I grew up in what you might call a genetically-Democratic family, but one in which partisan heterodoxy was not uncommon. My parents voted for Dwight D. Eisenhower twice, for Richard M. Nixon in 1960, and for the occasional Republican candidate for U.S. Senate from Maryland. But they were registered Democrats and, when I gained the franchise, it would have seemed somehow unnatural for me to register as a Republican. It would also have been stupid, in that Maryland was already en route to becoming one of the most reliably blue states on the map; and if one wanted a say in anything, it was going to be through the medium of the Democratic primaries.

In my early professional life in Seattle, I worked with and for Republican and Democratic representatives and senators and voted in a happily bipartisan way. But when I returned to Maryland in 1984, I had no hesitation about registering as a Democrat, despite admiring (and voting for) Ronald Reagan. (In fact, I haven’t cast a vote for a Democratic presidential nominee since 1980, when I voted for Jimmy Carter, but was delighted to see him defeated). Still, I told myself that I had to maintain my Democratic registration if I were to have any electoral leverage, however minor, in the Free State.

Declaring myself a Democrat, however, became impossible in principle after the 1992 Democratic National Convention. There, the last senior Democratic office-holder with whom I ever worked, Pennsylvania governor Robert Casey, was denied an opportunity to speak by the nascent Clinton Machine. Why? Because the twice-elected governor of a key state with a rich lode of Electoral College votes was ardently and intelligently pro-life. And pro-life people were heretics – misogynistic outliers to be expunged from the party’s national life – in the Democratic Party of Bill and Hillary Clinton.

So it was with a combination of relief and chagrin that I went to the appropriate county office and changed my registration, declaring myself a Republican – and getting a look from the clerk as if I’d declared myself a member of the Klan.

I now wonder if I’m about to make that journey again: not, of course, to revert to a Democratic Party that has ever more mindlessly arranged its affairs around an absolutist commitment to the sexual revolution and its relentless assault on traditional culture, but to declare myself the 21st-century equivalent, in party terms, of a stateless-person. The Democratic Party once left me. Now, the Republican Party has left me by embracing Donald Trump, a man utterly unfit by experience, intellect, or character to be President of the United States (a trifecta of disqualifiers, I hasten to add, that I would also apply to Mrs. Clinton).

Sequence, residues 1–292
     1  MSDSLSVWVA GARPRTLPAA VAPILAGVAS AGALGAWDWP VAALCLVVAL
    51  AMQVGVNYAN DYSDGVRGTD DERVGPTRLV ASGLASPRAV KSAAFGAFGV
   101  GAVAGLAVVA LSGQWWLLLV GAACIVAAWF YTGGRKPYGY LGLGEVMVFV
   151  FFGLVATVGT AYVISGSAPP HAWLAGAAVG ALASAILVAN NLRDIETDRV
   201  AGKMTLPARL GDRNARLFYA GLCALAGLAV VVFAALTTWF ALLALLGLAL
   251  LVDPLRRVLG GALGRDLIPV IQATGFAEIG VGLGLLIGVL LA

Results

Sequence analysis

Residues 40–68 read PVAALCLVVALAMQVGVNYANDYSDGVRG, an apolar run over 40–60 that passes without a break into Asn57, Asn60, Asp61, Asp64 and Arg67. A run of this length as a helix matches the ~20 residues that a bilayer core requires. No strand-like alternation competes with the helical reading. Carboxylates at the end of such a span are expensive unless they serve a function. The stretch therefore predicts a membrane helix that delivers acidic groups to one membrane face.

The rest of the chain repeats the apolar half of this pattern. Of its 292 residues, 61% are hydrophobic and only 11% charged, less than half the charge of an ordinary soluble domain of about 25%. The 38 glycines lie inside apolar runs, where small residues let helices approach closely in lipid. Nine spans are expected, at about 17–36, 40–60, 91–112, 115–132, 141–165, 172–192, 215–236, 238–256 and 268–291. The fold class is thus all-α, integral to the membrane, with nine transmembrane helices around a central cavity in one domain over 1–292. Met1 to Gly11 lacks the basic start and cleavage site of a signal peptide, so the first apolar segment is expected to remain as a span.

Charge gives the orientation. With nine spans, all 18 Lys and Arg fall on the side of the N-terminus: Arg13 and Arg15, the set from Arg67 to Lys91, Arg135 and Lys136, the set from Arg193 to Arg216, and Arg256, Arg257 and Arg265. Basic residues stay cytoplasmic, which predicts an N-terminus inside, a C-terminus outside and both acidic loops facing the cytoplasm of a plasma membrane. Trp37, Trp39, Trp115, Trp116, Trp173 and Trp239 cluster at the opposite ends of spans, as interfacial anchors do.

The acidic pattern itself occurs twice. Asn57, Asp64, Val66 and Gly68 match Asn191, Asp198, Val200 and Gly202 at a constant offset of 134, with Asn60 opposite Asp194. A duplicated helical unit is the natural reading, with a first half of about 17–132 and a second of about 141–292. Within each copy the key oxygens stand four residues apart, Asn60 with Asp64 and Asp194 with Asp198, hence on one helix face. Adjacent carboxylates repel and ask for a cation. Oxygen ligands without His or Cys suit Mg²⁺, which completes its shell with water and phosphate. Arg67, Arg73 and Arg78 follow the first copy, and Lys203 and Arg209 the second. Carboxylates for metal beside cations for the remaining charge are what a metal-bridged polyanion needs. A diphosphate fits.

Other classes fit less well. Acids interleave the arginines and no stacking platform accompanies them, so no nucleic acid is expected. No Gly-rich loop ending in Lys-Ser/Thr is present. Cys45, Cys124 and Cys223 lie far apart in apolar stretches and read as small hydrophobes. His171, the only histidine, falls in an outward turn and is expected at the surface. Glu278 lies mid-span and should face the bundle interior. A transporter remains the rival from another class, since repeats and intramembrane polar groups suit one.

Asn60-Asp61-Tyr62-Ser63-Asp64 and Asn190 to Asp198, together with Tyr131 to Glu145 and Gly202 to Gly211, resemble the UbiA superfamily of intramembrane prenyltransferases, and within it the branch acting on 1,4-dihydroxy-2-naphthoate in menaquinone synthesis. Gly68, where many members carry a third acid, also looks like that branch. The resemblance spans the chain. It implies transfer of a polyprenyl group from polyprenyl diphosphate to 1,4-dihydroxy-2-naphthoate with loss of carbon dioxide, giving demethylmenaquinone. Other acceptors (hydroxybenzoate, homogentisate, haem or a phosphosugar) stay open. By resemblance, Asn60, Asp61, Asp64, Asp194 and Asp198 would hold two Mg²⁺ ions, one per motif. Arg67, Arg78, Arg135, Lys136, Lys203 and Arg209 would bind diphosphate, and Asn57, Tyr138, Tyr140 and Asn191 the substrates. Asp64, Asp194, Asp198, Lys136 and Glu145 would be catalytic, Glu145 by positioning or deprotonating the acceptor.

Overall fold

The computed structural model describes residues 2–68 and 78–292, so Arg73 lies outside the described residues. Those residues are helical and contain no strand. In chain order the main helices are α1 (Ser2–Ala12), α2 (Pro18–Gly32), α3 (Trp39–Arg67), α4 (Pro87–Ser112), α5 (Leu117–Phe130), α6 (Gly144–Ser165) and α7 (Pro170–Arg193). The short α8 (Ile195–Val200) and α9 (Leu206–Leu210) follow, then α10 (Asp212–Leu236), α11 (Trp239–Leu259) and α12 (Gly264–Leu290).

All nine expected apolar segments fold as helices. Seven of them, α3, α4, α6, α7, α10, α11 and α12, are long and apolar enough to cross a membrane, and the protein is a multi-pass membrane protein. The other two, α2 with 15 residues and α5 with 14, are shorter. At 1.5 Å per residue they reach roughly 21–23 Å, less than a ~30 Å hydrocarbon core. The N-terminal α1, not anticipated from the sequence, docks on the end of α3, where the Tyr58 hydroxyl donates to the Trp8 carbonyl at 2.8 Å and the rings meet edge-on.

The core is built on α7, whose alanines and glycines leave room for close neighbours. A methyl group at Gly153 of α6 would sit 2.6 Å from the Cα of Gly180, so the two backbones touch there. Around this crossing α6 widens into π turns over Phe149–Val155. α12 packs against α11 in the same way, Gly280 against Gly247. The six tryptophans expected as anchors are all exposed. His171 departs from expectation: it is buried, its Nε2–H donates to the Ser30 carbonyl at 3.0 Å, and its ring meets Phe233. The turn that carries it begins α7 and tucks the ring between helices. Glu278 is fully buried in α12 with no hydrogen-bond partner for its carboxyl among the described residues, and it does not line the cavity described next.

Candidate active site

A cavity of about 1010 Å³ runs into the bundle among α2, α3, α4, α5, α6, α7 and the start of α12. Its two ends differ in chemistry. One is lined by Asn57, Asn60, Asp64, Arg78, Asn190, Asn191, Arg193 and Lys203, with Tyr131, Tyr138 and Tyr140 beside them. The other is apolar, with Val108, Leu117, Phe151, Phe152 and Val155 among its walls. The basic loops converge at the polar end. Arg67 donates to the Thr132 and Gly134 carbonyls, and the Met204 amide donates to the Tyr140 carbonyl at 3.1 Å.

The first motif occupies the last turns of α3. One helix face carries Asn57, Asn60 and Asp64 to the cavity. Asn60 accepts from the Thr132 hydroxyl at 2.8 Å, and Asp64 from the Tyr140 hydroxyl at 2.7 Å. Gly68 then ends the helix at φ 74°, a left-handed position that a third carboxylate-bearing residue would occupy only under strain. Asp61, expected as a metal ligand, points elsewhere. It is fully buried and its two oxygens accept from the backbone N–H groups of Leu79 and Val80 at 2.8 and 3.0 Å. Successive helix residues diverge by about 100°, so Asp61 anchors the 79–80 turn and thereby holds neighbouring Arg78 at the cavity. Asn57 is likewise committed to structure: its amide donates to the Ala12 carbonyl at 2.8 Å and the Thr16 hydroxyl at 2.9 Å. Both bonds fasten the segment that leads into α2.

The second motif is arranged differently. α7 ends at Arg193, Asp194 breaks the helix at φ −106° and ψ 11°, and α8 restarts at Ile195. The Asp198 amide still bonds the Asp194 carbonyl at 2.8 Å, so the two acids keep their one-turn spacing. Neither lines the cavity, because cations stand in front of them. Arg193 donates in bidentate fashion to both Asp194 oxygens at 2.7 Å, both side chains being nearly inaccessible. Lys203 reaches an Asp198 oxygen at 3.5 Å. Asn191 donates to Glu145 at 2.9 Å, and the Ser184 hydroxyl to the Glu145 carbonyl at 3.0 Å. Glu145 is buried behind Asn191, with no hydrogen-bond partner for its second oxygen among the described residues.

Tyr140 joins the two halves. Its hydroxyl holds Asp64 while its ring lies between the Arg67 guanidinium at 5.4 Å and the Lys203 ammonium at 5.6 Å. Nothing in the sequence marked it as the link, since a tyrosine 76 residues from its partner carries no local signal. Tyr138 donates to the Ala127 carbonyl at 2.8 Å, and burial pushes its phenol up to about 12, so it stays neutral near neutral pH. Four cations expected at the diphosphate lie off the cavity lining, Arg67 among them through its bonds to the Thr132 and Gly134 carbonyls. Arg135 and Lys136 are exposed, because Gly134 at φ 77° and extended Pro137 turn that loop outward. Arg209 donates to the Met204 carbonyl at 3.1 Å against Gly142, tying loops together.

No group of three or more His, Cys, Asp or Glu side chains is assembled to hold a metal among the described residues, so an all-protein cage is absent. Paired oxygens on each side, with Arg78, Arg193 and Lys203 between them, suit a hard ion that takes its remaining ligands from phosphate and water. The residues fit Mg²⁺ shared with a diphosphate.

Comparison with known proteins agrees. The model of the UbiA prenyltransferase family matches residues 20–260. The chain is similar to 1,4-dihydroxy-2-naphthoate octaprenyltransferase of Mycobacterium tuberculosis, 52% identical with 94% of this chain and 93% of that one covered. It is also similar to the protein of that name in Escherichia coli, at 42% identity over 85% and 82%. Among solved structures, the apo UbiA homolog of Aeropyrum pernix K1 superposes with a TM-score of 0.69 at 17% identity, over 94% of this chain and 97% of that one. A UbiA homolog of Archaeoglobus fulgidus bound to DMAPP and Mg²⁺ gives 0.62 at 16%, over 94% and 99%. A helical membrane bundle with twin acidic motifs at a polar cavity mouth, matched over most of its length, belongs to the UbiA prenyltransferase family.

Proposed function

I shall undoubtedly vote for Republicans down-the-ballot in November. Leading Republicans still promote an agenda of national renewal that seems to me more reflective of Catholic social doctrine than anything on offer from the Democrats. Prominent Republicans are still far more likely than prominent Democrats to defend religious freedom and to underscore the importance of the free associations of civil society in a healthy democracy, thus affirming the core Catholic social-ethical principle of subsidiarity. The pro-life agenda remains alive in the Republican Party; its lethal opposite is the declaratory policy of Democrats, ruthlessly enforced within the party. And for all that Republicans have failed in addressing the legitimate concerns of those unable to make it in a globalized economy driven by the IT revolution, I still think Republicans are more likely to come up with creative solutions to the chasm in our society between those who can prosper and those who can’t cope, than are Democrats chained to the notion that legislating further, deeper dependency on the state is the humane way forward.

But I cannot bring myself to cast a vote for Donald Trump for president, even under the rubric of playing strategic electoral defense. And while I hope the Republican Party repudiates Trumpism in the future, you’ll know where to find me if it doesn’t: among those who, taking their cues from Catholic social doctrine, will try to forge a new political instrument for advancing the truths in which we believe – and on which the future of the Republic depends.